Handbook on the History of Economic Analysis Volume I
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Handbook on the History of Economic Analysis Volume I

Great Economists Since Petty and Boisguilbert

Edited by Gilbert Faccarello and Heinz D. Kurz

Volume I contains original biographical profiles of many of the most important and influential economists from the seventeenth century to the present day. These inform the reader about their lives, works and impact on the further development of the discipline. The emphasis is on their lasting contributions to our understanding of the complex system known as the economy. The entries also shed light on the means and ways in which the functioning of this system can be improved and its dysfunction reduced. Each Handbook can be read individually and acts as a self-contained volume in its own right. It can be purchased separately or as part of a three-volume set.
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Chapter 95: John Richard Hicks (1904–1989)

Harald Hagemann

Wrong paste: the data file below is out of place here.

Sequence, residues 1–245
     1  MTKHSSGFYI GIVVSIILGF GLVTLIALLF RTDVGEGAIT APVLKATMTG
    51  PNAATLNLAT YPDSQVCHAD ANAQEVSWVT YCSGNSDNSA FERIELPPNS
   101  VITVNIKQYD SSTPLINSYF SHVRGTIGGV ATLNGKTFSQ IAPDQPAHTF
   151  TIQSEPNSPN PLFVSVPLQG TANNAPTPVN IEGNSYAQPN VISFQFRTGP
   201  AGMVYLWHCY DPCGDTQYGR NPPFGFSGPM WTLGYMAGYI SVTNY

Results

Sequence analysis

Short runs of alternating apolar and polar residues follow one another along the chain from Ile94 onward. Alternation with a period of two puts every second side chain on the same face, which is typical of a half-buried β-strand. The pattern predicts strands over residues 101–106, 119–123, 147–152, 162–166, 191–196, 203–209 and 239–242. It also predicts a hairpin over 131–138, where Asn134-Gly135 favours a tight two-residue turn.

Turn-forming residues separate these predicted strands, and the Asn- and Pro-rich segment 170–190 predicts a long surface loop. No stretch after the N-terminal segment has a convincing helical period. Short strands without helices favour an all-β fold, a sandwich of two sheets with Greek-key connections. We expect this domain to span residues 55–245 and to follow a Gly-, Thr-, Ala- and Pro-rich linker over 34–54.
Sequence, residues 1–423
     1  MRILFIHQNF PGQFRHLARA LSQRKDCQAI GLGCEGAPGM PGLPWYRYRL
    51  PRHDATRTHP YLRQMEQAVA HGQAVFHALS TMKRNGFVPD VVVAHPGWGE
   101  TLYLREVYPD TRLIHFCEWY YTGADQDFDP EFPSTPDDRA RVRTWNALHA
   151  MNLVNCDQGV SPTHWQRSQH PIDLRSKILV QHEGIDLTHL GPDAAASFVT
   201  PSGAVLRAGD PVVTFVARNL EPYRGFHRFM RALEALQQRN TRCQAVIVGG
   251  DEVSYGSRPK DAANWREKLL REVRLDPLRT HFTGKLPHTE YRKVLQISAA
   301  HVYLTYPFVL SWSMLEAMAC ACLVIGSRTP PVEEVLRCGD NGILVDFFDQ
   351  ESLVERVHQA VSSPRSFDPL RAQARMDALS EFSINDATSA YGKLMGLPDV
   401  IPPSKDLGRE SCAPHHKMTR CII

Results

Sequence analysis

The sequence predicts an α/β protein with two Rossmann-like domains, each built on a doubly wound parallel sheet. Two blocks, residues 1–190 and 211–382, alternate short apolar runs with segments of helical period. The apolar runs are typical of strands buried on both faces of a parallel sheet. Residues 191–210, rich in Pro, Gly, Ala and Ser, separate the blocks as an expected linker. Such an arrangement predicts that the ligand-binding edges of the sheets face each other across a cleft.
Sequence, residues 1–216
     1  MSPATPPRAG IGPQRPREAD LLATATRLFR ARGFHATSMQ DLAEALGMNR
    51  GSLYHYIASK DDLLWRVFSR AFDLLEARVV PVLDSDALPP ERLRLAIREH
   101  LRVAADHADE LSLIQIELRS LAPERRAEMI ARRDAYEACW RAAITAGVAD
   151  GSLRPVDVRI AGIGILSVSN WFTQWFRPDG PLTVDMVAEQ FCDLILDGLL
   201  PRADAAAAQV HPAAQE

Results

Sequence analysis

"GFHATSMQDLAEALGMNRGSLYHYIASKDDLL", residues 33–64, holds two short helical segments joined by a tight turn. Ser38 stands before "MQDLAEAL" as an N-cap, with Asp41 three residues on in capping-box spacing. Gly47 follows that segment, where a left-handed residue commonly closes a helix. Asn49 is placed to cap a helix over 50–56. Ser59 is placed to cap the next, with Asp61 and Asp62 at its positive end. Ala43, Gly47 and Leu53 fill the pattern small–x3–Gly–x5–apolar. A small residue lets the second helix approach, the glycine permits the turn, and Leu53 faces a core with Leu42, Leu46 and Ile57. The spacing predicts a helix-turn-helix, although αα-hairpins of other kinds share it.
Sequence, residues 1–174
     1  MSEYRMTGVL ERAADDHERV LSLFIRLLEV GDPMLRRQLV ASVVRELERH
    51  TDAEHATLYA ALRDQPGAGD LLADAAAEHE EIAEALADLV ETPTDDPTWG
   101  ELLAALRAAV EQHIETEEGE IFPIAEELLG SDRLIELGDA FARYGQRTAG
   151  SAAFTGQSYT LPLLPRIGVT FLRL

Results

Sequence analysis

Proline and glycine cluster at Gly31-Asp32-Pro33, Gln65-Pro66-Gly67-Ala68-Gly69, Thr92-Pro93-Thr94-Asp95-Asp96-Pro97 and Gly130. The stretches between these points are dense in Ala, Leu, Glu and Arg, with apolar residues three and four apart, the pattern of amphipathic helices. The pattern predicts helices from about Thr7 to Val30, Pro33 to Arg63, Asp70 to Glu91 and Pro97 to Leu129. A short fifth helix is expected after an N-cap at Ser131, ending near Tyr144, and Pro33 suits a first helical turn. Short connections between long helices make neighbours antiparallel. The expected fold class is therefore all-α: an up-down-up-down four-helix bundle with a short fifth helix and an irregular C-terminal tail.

Life Hicks was the first British economist who was awarded the Sveriges Riksbank Prize in Economic Sciences in Memory of Alfred Nobel in 1972. He jointly won the prize with Kenneth Arrow “for their pioneering contributions to general equilibrium theory and welfare theory”. Hicks was one of the last great decathletes in economics with good medal chances in many specific areas. He was born on 8 April 1904 at Warwick, England, where his father was a journalist at a local newspaper. From 1917 to 1922 he was educated at Clifton College, and thereafter he studied at Balliol College, Oxford. Having first specialized in mathematics, Hicks moved to the new programme in “philosophy, politics and economics” (PPE) in 1923. After working as a junior reporter for the Manchester Guardian for six months, Hicks received a temporary lectureship at the London School of Economics (LSE) in 1926, where he finally taught until 1935. It was the LSE, where Robbins in fall 1929 started a research seminar that made him an economist. In 1935 Hicks married Ursula Webb, a distinguished scholar in public finance, who remained his closest intellectual companion until her death in 1985. Through his friendship with Dennis Robertson, he accepted Pigou’s offer of a university lectureship in Cambridge in summer 1935 where he stayed for three years, also as a Fellow of Gonville and Caius College. While at Cambridge he finished his work on Value and Capital (1939) but also wrote his two well-known articles reviewing Keynes’s General Theory (1936,...

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